Stephen Hawking enjoys his 65th birthday present: a zero gravity flight on a modified plane owned by the Zero Gravity Corp.
The paralysed cosmologist Stephen Hawking has already been played by Benedict Cumberbatch on screen, and will be followed next year by fellow “hunk who thunk” Eddie Redmayne in The Theory of Everything. Before that, though, is Hawking, a documentary to be released on September 20, which reveals how very nearly none of this happened.
According to today’s Sunday Times, Hawking says in the new film that doctors recommended switching off his life-support back in 1985. He had only just been commissioned to write A Brief History of Time, the book which went on to sell ten million copies and made him so famous he has guested on The Simpsons five times, and the three weeks of intensive care that followed after his wife refused to let him die robbed him of what little remained of his speech. He wrote the book by raising his eyebrows to select letters on a computer program.
By 1991, when I met him on set of Errol Morris’s excellent documentary, he wrote and “spoke” through his voice synthesizer by twitching one finger on a toggle on his wheelchair. I’d known of Hawking for several years before he became globally famous. My elder brother studied Maths at King’s College, and he had pointed out to me the wheelchair ramps which made Cambridge the most disabled-friendly city in the world – built to facilitate Hawking’s passage from college to college.
I also read A Brief History of Time when it came out in 1988 – yes, from cover to cover. The first part is a very accessible overview of the history of physics and cosmology. The final part is a little hard to follow, though fascinating – especially for the Big Crunch theory, which is that at some point in the future there will be a reverse Big Bang, sending all matter hurtling back towards the single point from which it began: travelling backwards through time as well as space, so that at some point, untold billions of years from now, I will be alive again, and typing in the words of this blog, except in reverse; starting from the final sentence, deleting and deleting until I am left with nothing; then I will regurgitate my breakfast, get into bed, and sleep until Saturday night.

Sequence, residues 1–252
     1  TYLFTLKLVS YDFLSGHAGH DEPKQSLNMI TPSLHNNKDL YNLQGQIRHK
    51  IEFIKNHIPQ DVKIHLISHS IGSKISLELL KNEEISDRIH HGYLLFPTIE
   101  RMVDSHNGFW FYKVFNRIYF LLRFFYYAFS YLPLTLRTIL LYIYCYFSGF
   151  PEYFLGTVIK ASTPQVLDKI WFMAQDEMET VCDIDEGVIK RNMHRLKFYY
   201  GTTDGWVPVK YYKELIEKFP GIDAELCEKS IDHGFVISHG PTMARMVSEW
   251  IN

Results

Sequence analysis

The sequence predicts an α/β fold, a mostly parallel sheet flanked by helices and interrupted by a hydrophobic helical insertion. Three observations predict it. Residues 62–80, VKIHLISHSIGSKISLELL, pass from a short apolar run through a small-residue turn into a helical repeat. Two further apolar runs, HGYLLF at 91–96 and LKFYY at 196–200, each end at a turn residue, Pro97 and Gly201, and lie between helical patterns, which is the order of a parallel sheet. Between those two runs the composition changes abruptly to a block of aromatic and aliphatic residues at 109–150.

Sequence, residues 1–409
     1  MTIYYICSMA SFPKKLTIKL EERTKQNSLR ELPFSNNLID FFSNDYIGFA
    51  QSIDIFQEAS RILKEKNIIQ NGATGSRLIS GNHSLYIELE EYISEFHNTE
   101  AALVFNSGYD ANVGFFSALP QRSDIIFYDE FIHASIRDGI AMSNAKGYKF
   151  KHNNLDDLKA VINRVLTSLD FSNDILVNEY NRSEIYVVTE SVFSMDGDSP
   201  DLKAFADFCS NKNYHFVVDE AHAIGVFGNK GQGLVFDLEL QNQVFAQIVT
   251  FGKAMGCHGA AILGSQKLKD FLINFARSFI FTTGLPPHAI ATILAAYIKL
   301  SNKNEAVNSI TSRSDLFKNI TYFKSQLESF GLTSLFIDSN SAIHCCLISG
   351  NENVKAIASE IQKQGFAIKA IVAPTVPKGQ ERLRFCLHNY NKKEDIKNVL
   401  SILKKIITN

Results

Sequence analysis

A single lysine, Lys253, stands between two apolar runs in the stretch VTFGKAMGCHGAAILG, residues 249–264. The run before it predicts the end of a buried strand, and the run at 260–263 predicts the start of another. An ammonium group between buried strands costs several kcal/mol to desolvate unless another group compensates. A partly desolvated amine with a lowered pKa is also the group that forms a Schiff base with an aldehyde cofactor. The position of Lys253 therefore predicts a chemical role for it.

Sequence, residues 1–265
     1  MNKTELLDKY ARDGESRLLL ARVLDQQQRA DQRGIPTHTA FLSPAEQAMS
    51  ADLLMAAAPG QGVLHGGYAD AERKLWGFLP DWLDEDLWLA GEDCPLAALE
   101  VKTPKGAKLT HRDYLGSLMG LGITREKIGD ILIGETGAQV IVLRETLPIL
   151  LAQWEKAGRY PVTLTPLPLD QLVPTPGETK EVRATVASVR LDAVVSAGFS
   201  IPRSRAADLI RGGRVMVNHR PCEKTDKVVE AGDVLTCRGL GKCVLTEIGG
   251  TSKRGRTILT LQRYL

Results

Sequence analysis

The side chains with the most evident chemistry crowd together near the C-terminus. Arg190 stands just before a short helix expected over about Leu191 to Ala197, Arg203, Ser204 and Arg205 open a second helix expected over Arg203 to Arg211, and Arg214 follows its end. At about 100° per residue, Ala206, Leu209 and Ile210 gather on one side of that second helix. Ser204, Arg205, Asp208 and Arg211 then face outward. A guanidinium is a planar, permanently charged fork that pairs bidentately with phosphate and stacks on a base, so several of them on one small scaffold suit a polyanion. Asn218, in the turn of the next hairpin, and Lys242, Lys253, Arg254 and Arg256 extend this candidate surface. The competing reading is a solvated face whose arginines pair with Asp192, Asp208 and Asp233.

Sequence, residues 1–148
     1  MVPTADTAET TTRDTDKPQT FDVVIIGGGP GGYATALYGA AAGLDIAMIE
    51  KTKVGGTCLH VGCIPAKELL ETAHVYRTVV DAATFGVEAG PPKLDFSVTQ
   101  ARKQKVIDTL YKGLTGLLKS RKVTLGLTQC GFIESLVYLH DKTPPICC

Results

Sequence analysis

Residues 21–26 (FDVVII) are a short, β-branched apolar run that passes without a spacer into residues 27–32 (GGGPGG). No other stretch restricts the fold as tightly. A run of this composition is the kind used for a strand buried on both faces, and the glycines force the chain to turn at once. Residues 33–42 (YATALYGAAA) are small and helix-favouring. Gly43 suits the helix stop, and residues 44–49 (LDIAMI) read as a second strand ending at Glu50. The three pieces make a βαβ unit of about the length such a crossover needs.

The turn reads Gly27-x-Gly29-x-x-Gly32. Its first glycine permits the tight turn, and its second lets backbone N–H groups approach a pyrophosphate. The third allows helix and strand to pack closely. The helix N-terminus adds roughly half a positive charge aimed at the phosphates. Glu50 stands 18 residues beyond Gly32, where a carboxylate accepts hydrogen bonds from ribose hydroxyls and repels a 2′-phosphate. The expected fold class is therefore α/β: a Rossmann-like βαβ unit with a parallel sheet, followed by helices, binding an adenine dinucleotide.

I will fondly watch my children grow younger and smaller and in greater need of my care. Having regressed to babies, one day they will be gone, but I will not be sad, it will be as if they never were. I will join The Times, leave it for AOL, then be appointed Editor of Time Out a few months after the chimes of Big Ben count down the historic twelve bongs from the 21st century into the 20th, then after a series of steadily less assured covers I will be moved into the less stressful roles of Deputy Editor, then Chief Sub Editor, then Sub Editor; I will go to Oxford university where I will spend carefree days with the former mother of my vanished children until, one day, we will see each other for one last coffee and part forever, without bitterness or regret.
I will go to school in Winchester; then emigrate to Canada to play in the snow; finally a confused and inchoate period of sleeping and crying and feeding and waking and being cradled in my parents’ arms, my father no longer dead but young and vigorous and beardless so that his bristly cheek would sandpaper over mine, until one day, I would simply… cease to be.
Stephen Hawking and Errol Morris on set in 1991
I wanted to talk to Stephen Hawking about all this when I met him and Errol Morris on set (right), but the great man typed his sentences so painfully slowly that it was impossible to do much more than say hello. I noticed that, despite this, he still said “please” and “thank you” to everyone he dealt with, a courtesy that, for him, must have been important as every syllable cost him dear.
Watching him, I became obsessed with a thought, a truly terrible thought. Hawking was working, and is working still, on the Grand Unified Theory that will unite the contradictory worlds of Physics and Quantum Physics – “and then,” says he, “we will know the mind of God.”
What if, I thought, the motor neurone disease that paralyses him should progress so far that he loses even this small movement of the finger that, in 1992, enabled him to communicate? It’s all too close. These days, he says in the forthcoming film, he can only write and “speak” by flexing a single muscle in his cheek. One day soon he may lose even that movement. Kept alive, mechanically, for years after, his mind, floating free of earthly concerns, may finally solve the great riddle of science, the secret of life itself – and he will be unable to communicate this greatest of all discoveries to the world.
What will that be like? To apprehend the secrets of the universe but, imprisoned in his cage of flesh and bone, be able to do nothing, say nothing?
Perhaps he’d go mad and become God, like the intelligent bomb with the existential crisis in John Carpenter’s brilliant 1974 black comedy, Dark Star: “In the beginning, there was darkness. And the darkness was without form, and void. And in addition to the darkness there was also me. And I moved upon the face of the darkness. And I saw that I was alone…
“Let there be light.”